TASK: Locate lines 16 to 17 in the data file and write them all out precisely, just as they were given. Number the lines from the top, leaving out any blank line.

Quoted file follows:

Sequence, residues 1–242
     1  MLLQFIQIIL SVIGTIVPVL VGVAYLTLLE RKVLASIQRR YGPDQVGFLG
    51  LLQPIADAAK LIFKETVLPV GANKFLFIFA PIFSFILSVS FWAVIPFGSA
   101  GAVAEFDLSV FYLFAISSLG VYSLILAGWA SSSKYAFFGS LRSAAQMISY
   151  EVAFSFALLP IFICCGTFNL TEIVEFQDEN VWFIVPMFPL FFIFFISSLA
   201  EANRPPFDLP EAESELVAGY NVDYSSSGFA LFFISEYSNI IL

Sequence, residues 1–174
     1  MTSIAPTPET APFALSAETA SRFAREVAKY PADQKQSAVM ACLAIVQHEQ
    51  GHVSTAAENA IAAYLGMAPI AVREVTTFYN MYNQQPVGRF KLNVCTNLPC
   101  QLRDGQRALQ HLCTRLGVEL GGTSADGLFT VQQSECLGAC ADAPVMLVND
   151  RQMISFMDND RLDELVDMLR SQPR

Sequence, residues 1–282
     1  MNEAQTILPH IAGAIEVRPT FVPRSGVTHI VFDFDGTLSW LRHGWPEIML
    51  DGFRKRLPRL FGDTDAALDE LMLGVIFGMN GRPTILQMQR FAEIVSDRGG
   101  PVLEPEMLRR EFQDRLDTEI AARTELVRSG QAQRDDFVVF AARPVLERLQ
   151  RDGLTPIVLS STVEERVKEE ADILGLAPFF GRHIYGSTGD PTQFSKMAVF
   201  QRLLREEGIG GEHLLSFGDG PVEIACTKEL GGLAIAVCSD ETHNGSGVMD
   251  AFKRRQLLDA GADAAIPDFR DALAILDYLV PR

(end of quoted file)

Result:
   151  RDGLTPIVLS STVEERVKEE ADILGLAPFF GRHIYGSTGD PTQFSKMAVF
   201  QRLLREEGIG GEHLLSFGDG PVEIACTKEL GGLAIAVCSD ETHNGSGVMD